“This is something we will certainly explore,” city spokesman John Perlich said.
And when they do, city officials will no doubt discover what I did: Things are not always as obvious, simple or logical as they seem.
Not even Parks Department Director Al Moll knows why the city chose not to reuse Ganiere's portraits of the two Native American leaders and the original Fort Wayne when the statue was moved from its original location in Hayden (now Nuchols) Park to the then-new Freimann Square in 1973. But Craig Leonard, an architect who specializes in historic preservation, suspects city officials replaced the huge original base for a smaller nondescript model because “they wanted something that looked 'of the period' . . . this was before 1976, when (America's) bicentennial really launched the modern preservationist movement.”
In fact, the plaques of Miami war chief Little Turtle, Shawnee leader Tecumseh and the fort might not have been preserved at all if not for Tim Doyle, a New Haven sculptor who rescued the three pieces and stashed them in his basement.
And that's where Julie Waterfield enters the story.
The Fort Wayne resident had commissioned Doyle for a project and was “horrified” to learn that he was considering selling the pieces to an out-of-town buyer. “I was very keen on Ganiere,” explained Waterfield, who quickly bought the sculptures to make sure these pieces of local history remained local. In 2008 she donated them to the Allen County Public Library, and they have been prominently displayed in the lobby of the main library's genealogical department ever since.
But should they remain there? Or would history and Ganiere's artistic vision be better-served by reuniting Wayne with the fort he founded and the Native American leaders he helped vanquish?
To Leonard, the answer is obvious: Restore the statue to its original condition, possibly commissioning Doyle to recreate the base in which Wayne's name had been inscribed. He would also put the statue in the center of Courthouse Green, not in the corner near Main and Clinton streets where it would stick out “like a root beer stand.”
To Waterfield and library officials, however, the question is far more complicated – and even personal.
“I'm not saying 'no' (to putting the plaques back on the base), but sometimes when you make a mistake you have to live with it,” Waterfield said, referring to the city's decision to give up the three sculptures decades ago.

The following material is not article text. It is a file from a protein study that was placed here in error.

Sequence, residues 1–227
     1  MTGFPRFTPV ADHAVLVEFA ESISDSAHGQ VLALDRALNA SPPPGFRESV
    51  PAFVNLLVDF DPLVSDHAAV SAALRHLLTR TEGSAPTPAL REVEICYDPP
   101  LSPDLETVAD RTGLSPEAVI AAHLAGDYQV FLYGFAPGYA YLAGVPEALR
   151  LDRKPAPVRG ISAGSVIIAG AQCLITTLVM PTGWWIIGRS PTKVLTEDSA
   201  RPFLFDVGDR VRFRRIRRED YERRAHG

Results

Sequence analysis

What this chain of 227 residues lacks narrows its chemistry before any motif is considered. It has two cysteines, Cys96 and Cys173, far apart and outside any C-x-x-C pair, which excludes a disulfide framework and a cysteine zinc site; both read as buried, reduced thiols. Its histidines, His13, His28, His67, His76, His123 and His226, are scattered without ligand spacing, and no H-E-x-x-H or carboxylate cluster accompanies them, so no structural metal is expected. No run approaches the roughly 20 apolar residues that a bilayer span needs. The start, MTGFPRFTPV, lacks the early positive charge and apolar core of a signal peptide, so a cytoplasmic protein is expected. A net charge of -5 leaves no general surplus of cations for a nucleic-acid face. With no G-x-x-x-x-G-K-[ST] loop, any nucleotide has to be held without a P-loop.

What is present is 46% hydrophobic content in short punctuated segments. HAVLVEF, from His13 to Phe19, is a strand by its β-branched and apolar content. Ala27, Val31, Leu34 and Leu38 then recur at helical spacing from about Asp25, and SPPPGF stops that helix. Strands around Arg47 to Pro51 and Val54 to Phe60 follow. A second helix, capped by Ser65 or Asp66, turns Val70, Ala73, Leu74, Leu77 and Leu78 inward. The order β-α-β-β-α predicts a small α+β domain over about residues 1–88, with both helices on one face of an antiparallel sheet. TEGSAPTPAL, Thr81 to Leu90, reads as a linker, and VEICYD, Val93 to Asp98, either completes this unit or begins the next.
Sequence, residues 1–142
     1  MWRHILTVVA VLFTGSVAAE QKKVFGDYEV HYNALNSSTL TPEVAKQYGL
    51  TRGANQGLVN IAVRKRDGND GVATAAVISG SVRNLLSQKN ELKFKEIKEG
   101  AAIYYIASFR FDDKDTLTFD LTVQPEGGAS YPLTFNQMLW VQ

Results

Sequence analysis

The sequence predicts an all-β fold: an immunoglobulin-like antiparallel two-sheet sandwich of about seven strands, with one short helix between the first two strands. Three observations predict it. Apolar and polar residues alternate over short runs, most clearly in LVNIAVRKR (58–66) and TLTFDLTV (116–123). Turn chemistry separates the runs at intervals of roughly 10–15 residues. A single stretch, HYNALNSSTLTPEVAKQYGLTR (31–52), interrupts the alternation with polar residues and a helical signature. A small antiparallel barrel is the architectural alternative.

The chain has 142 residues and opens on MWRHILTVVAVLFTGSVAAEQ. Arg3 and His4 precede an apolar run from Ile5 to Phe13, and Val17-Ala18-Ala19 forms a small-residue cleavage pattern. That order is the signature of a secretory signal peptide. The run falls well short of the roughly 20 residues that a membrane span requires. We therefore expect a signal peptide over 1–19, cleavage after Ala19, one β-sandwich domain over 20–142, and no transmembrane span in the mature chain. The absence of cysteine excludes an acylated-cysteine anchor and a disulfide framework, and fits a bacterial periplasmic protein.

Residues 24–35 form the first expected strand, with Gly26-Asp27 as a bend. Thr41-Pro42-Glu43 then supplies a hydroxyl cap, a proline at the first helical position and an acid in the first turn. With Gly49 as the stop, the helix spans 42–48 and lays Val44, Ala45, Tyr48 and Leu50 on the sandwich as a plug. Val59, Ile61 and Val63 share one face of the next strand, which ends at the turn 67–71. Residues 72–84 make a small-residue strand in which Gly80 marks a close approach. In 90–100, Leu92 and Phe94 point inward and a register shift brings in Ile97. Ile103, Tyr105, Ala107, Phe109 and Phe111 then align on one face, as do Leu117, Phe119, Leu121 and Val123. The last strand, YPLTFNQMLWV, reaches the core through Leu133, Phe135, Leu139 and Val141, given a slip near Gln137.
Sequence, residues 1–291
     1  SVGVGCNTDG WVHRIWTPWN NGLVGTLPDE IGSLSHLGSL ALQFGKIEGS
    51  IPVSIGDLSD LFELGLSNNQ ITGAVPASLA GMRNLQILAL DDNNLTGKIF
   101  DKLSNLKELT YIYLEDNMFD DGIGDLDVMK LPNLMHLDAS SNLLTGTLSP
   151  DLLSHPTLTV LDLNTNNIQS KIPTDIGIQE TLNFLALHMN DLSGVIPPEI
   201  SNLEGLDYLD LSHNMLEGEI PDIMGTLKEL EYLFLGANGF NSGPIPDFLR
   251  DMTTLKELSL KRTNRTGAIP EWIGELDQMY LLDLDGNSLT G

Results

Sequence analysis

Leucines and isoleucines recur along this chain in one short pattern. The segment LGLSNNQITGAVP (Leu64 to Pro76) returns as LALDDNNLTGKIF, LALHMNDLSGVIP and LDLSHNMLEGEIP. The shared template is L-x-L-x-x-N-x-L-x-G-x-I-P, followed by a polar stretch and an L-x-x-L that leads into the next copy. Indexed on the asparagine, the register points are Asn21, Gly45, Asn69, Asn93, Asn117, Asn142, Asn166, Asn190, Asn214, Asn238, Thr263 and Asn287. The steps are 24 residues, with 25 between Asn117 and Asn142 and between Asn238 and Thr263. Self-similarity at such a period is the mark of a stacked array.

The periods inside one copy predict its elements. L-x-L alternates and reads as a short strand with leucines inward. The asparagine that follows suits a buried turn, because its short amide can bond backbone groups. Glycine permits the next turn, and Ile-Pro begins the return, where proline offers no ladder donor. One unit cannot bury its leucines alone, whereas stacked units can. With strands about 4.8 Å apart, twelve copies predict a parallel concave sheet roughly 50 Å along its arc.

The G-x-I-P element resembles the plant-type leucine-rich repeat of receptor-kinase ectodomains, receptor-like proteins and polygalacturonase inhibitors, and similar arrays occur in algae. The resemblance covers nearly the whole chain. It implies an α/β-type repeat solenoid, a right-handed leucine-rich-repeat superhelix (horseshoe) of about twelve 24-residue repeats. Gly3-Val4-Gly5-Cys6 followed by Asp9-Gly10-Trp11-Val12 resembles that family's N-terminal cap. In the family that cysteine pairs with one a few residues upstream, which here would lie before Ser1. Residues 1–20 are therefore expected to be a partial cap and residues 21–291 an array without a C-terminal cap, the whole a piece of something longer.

“Those pieces are made to be touched, and that happens where they are,” she added, noting that Tecumseh's nose keeps a perpetual shine because of constant rubbing. “They have a lot to do with history at the library.”
They do, indeed. The library's genealogy department is second in the U.S. only to the Mormon collection in Utah and attracts as many as 100,000 visitors per year. “They're stunning pieces and, at eye level, they get a lot of exposure where they are,” spokeswoman Cheryl Ferverda said.
Henry, on the other hand, has said that as many as 40,000 vehicles per day pass the intersection at which he wants to display the statue.
Ferverda said that the library will consider Waterfield's wishes, as it should. And since Waterfield describes herself as a “wannabe genealogist” and donated the pieces in honor of grandparents Basil and Inez Needham — "they taught me to love history" — a reunion of statue and base plaques seems unlikely.
Fortunately, a compromise is not only possible but potentially historically appropriate.
It would be relatively simple, after all, to use the sculptures on the library wall as patterns from which to create exact replicas that could in turn be attached to a grander base more befitting the man who gave this city its name.
And who better to do it than Doyle, who has already helped restore parts of the Courthouse and without whom no artistic reunion would have been possible in the first place?